When we write programs, edit config files, or even take notes to study later, we will do that with a text editor. Echoing and cating text only gets you so far.
There are hundreds of text editors, and much like programming languages, each has its own tradeoffs. Some are simple and have a GUI, some are terminal only and are incredibly complex. Many have entire programming languages built into them, or are even shells themselves, capable of executing programs. As a general rule, use what works for you and don't seek out complexity for complexities sake. I used to use the most complicated text editor I could so I looked cool, now I use the simplest ones I can for the job at hand.
Ubuntu comes with a few text editors installed initially, but the ones we will focus on are gedit and vi/vim.
To open Gedit, simply type
$ gedit & in the terminal, or open it from the GUI. gedit is a GUI application, and gives you a nice window, normal use of your mouse, copy/paste, and all the normal things you expect from a text editor, similar to Notepad on Windows. I use it all the time to display information and make notes, but I also program in it every once in a while.
Many people who like to think they are badasses think they are too cool for gedit. Those people are silly and you should ignore anyone who thinks that text editor choice has anything to do with how good of a hacker you are.
Terminal-Based Text Editors
gedit is a good option if you are on an Ubuntu desktop, but many times you just won't have a GUI at all. If you are SSH'd into a box, or using a server build, you will have to learn how to use a terminal text editor.
The default editor that comes with most Linux distros is named
nano. It's basic, it's functional, and it gets the job done. To open it, type
nano and just start working. The keys to save and do other functionality are displayed at the bottom, no tutorial needed. It's as easy as it gets, it works great, and it's basically everywhere.
With that said, it doesn't really have any advanced features, so while it's perfect for a minimal experience, if you're going to be coding you likely want something more advanced (aka hardcore and hackerish).
The other editor that comes with all Ubuntu distros is named
vi. It has a more modern, more advanced successor named
vim. I think it is better to initially learn vi/vim because it has more market share. Most prominently, I often find myself using
vi on computers I do not have the ability to install new programs on. If I don't have the permissions to
sudo apt-get install vim or anything else, I am going to be using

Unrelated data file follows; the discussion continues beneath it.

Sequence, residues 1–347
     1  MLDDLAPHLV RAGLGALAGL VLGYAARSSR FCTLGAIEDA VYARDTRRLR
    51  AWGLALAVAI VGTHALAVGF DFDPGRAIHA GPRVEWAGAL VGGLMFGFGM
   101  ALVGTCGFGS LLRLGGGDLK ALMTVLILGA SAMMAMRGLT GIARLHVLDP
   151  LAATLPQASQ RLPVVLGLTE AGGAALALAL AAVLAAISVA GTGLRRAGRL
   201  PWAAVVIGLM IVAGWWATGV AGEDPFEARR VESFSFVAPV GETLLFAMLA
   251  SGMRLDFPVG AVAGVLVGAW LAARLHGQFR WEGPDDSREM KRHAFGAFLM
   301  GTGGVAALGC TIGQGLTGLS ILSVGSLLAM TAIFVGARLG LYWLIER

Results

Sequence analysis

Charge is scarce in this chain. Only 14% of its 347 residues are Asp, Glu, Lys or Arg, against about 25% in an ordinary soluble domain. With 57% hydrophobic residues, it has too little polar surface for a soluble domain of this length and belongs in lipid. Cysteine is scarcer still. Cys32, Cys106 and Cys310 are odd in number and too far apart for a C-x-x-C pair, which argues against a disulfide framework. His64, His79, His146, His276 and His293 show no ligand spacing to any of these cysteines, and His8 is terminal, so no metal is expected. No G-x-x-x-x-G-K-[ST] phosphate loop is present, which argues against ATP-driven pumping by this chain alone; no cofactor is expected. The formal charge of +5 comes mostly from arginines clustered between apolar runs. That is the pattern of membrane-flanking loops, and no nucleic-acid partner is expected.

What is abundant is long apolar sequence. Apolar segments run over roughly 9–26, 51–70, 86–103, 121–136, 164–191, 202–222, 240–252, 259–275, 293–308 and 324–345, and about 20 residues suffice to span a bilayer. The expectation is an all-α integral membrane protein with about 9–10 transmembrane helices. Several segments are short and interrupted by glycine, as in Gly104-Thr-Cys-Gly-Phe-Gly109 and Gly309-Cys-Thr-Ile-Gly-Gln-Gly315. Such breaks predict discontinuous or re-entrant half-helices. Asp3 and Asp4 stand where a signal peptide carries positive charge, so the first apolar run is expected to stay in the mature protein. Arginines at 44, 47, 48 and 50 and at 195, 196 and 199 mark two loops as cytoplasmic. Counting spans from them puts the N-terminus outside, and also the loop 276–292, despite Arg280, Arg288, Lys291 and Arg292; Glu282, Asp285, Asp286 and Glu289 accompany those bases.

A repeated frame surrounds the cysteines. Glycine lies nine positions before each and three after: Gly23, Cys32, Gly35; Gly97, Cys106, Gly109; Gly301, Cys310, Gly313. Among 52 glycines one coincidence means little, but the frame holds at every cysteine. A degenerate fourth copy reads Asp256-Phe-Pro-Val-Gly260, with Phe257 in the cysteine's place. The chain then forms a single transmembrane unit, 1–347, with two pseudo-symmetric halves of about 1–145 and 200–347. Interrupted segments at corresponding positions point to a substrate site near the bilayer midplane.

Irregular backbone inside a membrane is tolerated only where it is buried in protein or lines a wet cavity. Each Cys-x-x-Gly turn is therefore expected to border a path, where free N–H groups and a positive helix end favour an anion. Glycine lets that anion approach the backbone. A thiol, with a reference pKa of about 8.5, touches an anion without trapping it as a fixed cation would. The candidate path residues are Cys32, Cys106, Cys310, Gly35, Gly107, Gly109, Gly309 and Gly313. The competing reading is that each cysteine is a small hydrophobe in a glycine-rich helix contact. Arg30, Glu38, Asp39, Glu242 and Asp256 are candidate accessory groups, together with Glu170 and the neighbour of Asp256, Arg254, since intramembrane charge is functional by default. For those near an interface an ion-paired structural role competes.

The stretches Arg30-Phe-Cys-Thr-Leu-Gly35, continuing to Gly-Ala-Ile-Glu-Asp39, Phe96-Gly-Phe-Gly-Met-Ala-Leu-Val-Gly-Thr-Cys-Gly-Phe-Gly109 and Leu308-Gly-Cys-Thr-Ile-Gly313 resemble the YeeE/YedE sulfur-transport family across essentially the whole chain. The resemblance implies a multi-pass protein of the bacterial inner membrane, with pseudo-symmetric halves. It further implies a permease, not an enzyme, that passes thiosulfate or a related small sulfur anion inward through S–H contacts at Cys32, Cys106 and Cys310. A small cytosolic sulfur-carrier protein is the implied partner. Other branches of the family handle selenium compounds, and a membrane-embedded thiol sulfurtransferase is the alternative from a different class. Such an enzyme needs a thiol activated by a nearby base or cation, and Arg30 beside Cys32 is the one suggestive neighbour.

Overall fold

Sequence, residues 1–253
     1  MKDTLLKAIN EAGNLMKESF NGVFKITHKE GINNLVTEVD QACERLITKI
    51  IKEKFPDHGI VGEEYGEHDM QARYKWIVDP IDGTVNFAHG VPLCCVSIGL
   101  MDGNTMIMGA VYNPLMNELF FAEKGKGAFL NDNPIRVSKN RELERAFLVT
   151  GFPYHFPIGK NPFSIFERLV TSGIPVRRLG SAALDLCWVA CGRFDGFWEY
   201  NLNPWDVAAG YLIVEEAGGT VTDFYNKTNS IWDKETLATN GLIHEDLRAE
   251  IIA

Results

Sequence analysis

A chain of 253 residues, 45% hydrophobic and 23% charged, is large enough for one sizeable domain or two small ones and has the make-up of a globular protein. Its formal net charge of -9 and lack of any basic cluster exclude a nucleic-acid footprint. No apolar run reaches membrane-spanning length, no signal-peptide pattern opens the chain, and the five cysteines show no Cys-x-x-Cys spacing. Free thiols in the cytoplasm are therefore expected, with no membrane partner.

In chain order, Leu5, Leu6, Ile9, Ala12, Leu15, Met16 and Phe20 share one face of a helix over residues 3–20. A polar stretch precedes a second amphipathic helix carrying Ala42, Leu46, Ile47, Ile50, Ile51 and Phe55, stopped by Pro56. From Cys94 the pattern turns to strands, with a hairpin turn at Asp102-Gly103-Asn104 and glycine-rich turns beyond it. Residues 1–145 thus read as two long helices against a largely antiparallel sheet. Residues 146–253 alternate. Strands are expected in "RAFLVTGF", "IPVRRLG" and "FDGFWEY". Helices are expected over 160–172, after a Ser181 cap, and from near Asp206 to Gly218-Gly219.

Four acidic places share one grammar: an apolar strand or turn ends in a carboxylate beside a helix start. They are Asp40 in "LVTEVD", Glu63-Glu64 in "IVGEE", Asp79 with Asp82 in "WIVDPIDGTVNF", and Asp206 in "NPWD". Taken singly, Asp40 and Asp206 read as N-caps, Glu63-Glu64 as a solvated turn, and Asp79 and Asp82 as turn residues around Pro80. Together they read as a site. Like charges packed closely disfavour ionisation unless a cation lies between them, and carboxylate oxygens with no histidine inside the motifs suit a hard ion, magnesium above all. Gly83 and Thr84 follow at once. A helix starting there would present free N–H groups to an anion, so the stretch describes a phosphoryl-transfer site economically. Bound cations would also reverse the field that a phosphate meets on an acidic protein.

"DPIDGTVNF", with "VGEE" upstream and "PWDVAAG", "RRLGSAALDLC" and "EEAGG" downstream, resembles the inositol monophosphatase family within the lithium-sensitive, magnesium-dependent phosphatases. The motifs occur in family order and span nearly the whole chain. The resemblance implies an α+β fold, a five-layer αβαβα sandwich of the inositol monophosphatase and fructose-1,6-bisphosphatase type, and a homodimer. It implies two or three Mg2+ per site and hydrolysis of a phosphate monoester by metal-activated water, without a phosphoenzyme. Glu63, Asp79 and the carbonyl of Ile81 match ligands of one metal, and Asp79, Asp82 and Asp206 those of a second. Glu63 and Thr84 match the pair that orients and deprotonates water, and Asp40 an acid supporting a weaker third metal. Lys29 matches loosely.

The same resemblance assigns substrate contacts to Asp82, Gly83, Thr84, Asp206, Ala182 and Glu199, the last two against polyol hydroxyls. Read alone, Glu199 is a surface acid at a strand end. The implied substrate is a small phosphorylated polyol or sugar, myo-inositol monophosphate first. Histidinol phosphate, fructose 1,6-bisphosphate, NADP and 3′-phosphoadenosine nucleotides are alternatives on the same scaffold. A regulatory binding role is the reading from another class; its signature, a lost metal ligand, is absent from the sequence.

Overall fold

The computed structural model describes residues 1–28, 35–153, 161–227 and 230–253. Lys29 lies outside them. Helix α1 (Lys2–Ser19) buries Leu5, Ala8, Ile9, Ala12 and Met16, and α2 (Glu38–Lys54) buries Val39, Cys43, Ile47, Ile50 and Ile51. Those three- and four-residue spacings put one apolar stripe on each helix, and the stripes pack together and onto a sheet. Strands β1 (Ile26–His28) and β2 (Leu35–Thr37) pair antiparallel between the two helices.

vi, so it's easier for me to just use that for my terminal text-editing needs. Because vi/vim are always available, I believe it is the best family of editors to learn initially. You can always lean on nano, but vi/vim gets the job done, better.
The final major terminal-based text editors is named
emacs. Don't worry about learning it, but it is good to know they exist. Notably, there was once something named "The Editor Wars", when nerds argued with each other if emacs or vim was better. Nobody won, everyone wasted time, and if you hear anybody today talking about why one is better than the other, ignore them. Even me.
What makes vi/vim/emacs/other terminal-based text editors special is their extensibility and keyboard based shortcuts. By offering powerful commands inside of the text editor, a programmer can speed up their navigation of a code base and type faster.
vi and vim can be considered roughly equivalent when it comes to their core shortcuts. To get an idea of how to work with
vim, install it and play around with the first few chapters of the built in tutorial by running the command
vimtutor from the terminal.
Hint: To close out of vim, press escape key and type ":q". To save, escape key then type ":w". Without that knowledge it can get a bit awkward for beginners.
However, the speed increase of mastering a cool text-editor is not actually that much. Even if we increase speed of typing/navigation by 10%, it won't actually make us a better programmer. Luckily, there is a form of text-editor that provides that benefit to us that we will talk more about in the programming section. For now, vim should get us what we need.
Play around with "vimtutor" and learn a few commands.
Print out a vim cheatsheet or put it on your desktop so that you can constantly reference it. The more you use it, the easier it will be to remember.
For your assignment, submit a picture of your printed out cheatsheet or a screenshot of it on your desktop. Believe me, this is for your own good.